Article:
You can blame it on the cicadas, according to Robert Everhart of Everhart Tree Care.
When they emerge from underground every 17 years to mate, Everhart said the female cicada ” ‘etches’ the branch; in other words, she use a barb on her body to carve a groove into the branch and lay her eggs there.”
“This is not a problem for a healthy tree; it will only cause approx. 6 to 18 inches of the branch to die, depending on where in the branch the eggs are laid, Everhart, a certified arborist said. But, he added, “It may have an impact on an unhealthy tree, but that would depend on how many cicadas use it as a host.”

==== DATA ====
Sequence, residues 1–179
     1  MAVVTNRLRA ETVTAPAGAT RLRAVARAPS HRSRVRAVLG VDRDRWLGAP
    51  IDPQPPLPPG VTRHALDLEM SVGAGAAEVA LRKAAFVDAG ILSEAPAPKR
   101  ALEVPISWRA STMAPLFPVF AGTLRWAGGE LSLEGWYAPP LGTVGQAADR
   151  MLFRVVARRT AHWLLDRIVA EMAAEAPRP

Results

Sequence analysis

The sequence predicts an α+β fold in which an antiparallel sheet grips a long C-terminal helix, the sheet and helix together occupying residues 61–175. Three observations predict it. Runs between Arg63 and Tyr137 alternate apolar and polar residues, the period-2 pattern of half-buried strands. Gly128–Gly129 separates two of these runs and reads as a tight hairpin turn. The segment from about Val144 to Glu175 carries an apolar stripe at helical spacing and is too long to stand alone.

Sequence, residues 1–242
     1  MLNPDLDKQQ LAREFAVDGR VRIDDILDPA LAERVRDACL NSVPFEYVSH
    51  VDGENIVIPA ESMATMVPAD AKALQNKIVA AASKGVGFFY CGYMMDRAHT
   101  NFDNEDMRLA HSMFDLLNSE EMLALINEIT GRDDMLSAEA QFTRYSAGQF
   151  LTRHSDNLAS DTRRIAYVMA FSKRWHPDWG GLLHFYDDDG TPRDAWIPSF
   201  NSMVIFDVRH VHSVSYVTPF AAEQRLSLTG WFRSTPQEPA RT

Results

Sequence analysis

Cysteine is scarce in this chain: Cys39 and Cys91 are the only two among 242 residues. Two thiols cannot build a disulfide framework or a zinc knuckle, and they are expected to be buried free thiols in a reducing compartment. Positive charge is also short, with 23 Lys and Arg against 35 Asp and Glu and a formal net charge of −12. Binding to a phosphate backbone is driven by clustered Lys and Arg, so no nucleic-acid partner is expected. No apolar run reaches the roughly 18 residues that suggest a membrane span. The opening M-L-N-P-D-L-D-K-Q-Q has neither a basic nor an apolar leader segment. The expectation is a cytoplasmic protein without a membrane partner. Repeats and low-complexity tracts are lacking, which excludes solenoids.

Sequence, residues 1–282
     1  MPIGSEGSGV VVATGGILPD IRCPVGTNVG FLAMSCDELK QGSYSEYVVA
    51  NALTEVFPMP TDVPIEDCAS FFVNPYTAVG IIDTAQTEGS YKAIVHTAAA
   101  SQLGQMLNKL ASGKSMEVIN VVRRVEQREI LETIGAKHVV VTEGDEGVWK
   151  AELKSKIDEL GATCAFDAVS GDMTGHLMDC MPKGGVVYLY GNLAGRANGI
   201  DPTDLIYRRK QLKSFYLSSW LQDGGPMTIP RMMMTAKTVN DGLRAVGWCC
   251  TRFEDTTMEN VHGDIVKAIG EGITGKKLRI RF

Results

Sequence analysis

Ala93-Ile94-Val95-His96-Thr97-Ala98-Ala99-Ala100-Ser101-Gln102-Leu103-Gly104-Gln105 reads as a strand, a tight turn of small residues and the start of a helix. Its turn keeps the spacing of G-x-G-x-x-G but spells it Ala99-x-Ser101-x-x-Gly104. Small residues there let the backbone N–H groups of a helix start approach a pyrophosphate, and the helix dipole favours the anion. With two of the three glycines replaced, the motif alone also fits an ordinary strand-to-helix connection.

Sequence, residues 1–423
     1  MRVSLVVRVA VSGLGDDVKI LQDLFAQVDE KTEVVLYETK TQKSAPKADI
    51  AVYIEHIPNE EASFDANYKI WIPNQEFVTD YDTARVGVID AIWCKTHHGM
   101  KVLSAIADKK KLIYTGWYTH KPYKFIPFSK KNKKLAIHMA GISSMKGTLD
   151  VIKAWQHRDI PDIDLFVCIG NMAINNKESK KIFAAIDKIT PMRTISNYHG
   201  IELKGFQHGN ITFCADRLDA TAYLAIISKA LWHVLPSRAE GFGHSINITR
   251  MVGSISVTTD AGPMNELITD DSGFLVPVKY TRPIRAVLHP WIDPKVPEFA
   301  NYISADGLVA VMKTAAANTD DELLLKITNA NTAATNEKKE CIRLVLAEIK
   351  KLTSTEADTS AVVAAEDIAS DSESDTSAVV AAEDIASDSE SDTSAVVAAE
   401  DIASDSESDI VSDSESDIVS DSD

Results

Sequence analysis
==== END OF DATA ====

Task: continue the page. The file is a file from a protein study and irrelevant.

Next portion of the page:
“Luckily, this is not a huge problem in that it only happens every 17 years. It’s a bit unsightly, but there is really nothing that can be done to prevent it. The healthy tree will heal itself, and next year you may notice some dead twigs at the end of the branch, which will likely break off. It is similar to snipping a small length off a branch, as you might do when you prune.”
Everhart added, “If cicadas were around year after year, then we would be talking about a whole different scenario, with a much larger negative impact.”